First a disclaimer then a couple of questions.

I have never made a “German Pilsner” however I have a bit of experience doing preprohibition CAP’s so I may not know what the hell I’m talking about.

Now for the questions. It is my understanding that a German pils is “sharper” than say a Bohemian Pils, due mainly to the use of harder water, is my understanding correct? If there is any truth to that then would you not be hurting yourself by using water that is too soft (but then you wouldn’t want to use Burton water either)?

I have seen recipies that include more than a little flaked barley in the grist. What would that do for a German pils(besides perhaps creating a somewhat creamy mouthfeel)?

Finally, do any of you guys mess with dry hopping? I do it when I make CAP’s because it has been my experience that if you can smell it you will surely taste it, any comments one way or the other on that?

Thanks in advance for the comments.

[quote=“Barley Water”]First a disclaimer then a couple of questions.

I have never made a “German Pilsner” however I have a bit of experience doing preprohibition CAP’s so I may not know what the hell I’m talking about.

Now for the questions. It is my understanding that a German pils is “sharper” than say a Bohemian Pils, due mainly to the use of harder water, is my understanding correct? If there is any truth to that then would you not be hurting yourself by using water that is too soft (but then you wouldn’t want to use Burton water either)?

I have seen recipies that include more than a little flaked barley in the grist. What would that do for a German pils(besides perhaps creating a somewhat creamy mouthfeel)?

Finally, do any of you guys mess with dry hopping? I do it when I make CAP’s because it has been my experience that if you can smell it you will surely taste it, any comments one way or the other on that?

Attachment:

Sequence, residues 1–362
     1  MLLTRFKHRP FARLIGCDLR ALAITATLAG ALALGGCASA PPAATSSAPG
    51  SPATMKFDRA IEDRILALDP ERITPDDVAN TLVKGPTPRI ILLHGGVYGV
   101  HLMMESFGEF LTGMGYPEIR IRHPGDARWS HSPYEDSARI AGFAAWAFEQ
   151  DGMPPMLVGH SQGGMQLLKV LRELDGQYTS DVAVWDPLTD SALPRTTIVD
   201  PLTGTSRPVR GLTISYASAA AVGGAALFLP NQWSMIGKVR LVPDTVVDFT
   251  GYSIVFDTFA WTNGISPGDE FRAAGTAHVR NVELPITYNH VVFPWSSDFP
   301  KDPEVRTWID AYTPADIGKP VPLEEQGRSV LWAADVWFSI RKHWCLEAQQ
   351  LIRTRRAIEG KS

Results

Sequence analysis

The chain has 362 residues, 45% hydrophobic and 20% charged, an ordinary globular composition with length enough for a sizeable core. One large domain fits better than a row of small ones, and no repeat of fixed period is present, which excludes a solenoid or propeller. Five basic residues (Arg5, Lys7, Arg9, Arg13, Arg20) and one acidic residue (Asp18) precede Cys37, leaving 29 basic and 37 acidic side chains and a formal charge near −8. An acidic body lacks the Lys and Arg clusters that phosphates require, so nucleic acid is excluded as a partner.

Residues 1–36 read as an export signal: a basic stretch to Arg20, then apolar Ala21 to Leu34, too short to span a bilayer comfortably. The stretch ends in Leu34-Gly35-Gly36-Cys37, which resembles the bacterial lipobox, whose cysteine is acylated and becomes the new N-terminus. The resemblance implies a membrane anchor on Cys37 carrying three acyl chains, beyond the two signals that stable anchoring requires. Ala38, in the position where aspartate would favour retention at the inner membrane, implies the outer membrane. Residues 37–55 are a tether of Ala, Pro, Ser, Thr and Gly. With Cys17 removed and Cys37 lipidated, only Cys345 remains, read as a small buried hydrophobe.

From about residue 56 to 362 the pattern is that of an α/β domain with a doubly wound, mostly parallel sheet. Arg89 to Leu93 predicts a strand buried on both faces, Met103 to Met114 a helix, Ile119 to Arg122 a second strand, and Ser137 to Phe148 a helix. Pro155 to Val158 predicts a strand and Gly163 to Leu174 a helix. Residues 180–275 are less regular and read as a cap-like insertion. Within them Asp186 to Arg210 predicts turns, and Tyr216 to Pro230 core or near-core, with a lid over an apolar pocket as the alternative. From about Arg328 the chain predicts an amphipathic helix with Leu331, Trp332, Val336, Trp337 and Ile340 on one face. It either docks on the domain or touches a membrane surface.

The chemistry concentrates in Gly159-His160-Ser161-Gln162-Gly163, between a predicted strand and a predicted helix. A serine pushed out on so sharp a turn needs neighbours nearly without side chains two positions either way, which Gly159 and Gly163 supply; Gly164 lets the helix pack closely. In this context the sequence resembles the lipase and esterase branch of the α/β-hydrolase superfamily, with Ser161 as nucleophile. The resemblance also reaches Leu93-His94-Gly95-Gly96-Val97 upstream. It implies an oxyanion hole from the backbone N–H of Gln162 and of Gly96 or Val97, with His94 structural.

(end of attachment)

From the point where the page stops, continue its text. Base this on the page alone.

Thanks in advance for the comments.[/quote]
Czech water is very soft. German water (depending on where it comes from) can have much higher water numbers especially when it comes to bicarbonate. A German Pils may come out tasting sharper but may use less hops because the water will accentuate the hops. OTOH, with very soft water you may need to use more hops because it takes more hops to come through in that soft water. I realize the topic of this thread is GERMAN PILS but because I keep hearing that a pale beer should have low sulfate and low bicarbonate, I cut my water (which is Ca 34, Mg 6, Na 7, Cl 21, SO4 27 and Bicarb 138) on almost every one of these batches. I have tried making 30-35 IBU Pilsners with my filtered tap water and they are not smooth and I attribute that to the bicarb. I have also seen recipes with flaked barley and some people say that it is to take the place of a German malt that is often used called “chit malt”. It’s unmalted (or malted very little) and adds some character to the beer. Flaked barley is similar. I believe there are some US suppliers who now carry Chit Malt. If I were to use all RO or distilled water and add back a small amount of CaCl, etc., I might consider being more aggressive on the hops including a dry hop. But I’m still working on the water profile for this style (Czech or German) and once I get that part down, the grain bill and hop schedule will fall in line next.